The Dark Side of Japan

Tom Plate – UCLA Media Center

I have been getting some “hate e-mail” lately from readers of Chinese ethnicity. Basically, they are furious with my columns for strongly supporting permanent UN Security Council membership for Japan. They think that Japan is no good and cannot be trusted. There seems to be no reasoning with them.
But when all reason and civilised discourse are abandoned, serious danger looms. Fortunately, the elders of both China and Japan have come to their senses and turned to their wise diplomats to cool things off.
This is why Chinese Foreign Minister Li Zhaoxing and his Japanese counterpart, Nobutaka Machimura, are to be warmly congratulated for taking steps to move their countries away from further corrosive tension.
So is Japanese Prime Minister Junichiro Koizumi: in Jakarta recently, at a major international conference, he apologised sincerely and effusively for his country’s past history of aggression and colonialism.
That very public apology should mark the beginning of the end of it – but it will not. I, for one, do not doubt his sincerity. But there are those who will not believe Japan’s apologies, no matter how often or how very sincerely they are uttered.
One reason is that some people simply do not like and do not trust the Japanese. But there is another reason for this stereotype: some Japanese individuals say things in public that tend to only fuel people’s fears and make them think the very worst about Japan, one of the world’s great cultures.
Take Shintaro Ishihara, the governor of Tokyo, one of Japan’s most popular politicians (alas), and the co-author of the infamous, angry book, A Japan That Can Say No.
In an exclusive article distributed by the Los Angeles-based Global Viewpoint, Mr Ishihara attacks China from almost every conceivable angle. And given the timing – in the heat of the worst political atmospherics in East Asia in recent memory – his gratuitous attack is deeply regrettable.
The governor virtually dismisses all Beijing’s arguable claims of sovereignty, whether over Taiwan, Tibet or disputed islands, as conclusive evidence of its expansionist ambitions. He condemns China for lacking the very basics of “civil society” and explains away the country’s fantastic economic growth as fuelled solely by exploitation and designed entirely to feed its aggressive-minded military expansion.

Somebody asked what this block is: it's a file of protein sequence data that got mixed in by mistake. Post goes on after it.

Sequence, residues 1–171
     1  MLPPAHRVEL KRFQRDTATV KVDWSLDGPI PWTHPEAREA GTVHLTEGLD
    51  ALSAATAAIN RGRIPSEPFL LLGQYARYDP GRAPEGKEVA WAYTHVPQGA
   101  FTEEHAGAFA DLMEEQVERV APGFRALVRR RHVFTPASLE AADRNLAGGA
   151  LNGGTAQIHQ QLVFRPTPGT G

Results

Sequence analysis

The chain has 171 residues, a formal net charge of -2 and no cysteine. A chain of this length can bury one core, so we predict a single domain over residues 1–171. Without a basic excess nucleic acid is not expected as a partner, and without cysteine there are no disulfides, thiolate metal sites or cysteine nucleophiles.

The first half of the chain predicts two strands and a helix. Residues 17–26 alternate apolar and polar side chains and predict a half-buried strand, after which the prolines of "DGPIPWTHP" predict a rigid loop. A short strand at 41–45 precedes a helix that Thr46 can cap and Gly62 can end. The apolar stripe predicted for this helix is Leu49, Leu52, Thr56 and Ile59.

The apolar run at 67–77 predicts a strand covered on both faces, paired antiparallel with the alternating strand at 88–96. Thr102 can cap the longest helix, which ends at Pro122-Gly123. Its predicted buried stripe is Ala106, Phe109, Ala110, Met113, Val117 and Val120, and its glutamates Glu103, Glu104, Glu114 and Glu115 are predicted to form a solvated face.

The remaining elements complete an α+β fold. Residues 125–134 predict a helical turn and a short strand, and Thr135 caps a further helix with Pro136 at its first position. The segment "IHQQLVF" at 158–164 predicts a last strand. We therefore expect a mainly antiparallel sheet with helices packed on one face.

Of course, China has its problems, such as lopsided wealth distribution, a too-tenacious Communist Party and a cruel and ham-fisted system of stifling dissent. But Mr Ishihara, while entitled to his views, goes too far and paints Beijing as endlessly malevolent.
The truth is that if an objective opinion poll was taken of people’s views in Asia, the results would probably suggest that more people worry about military aggression originating from Japan at some point, rather than China. Not Mr Ishihara. He said: “Economic growth serves to maintain Beijing’s military modernisation. China’s economic rise also acts to justify the authoritarian rule of the Communist Party, which has achieved success through its hegemonic stance towards the rest of Asia…”
He then asks: “Can we really allow China, an outright defiant nation with massive political energy, to blatantly pursue its economic interests in the Asian region?” To which, I might ask Mr Ishihara: Well, what do you plan to do about it?
Actually, I do not think I will ask that question. I think I know his answer. And it would be the answer that many people in Asia would most fear about Japan.
Tom Plate, a member of the Pacific Council on International Policy, is the founder of the Asia-Pacific Media Network.
Distributed by the UCLA Media Centre

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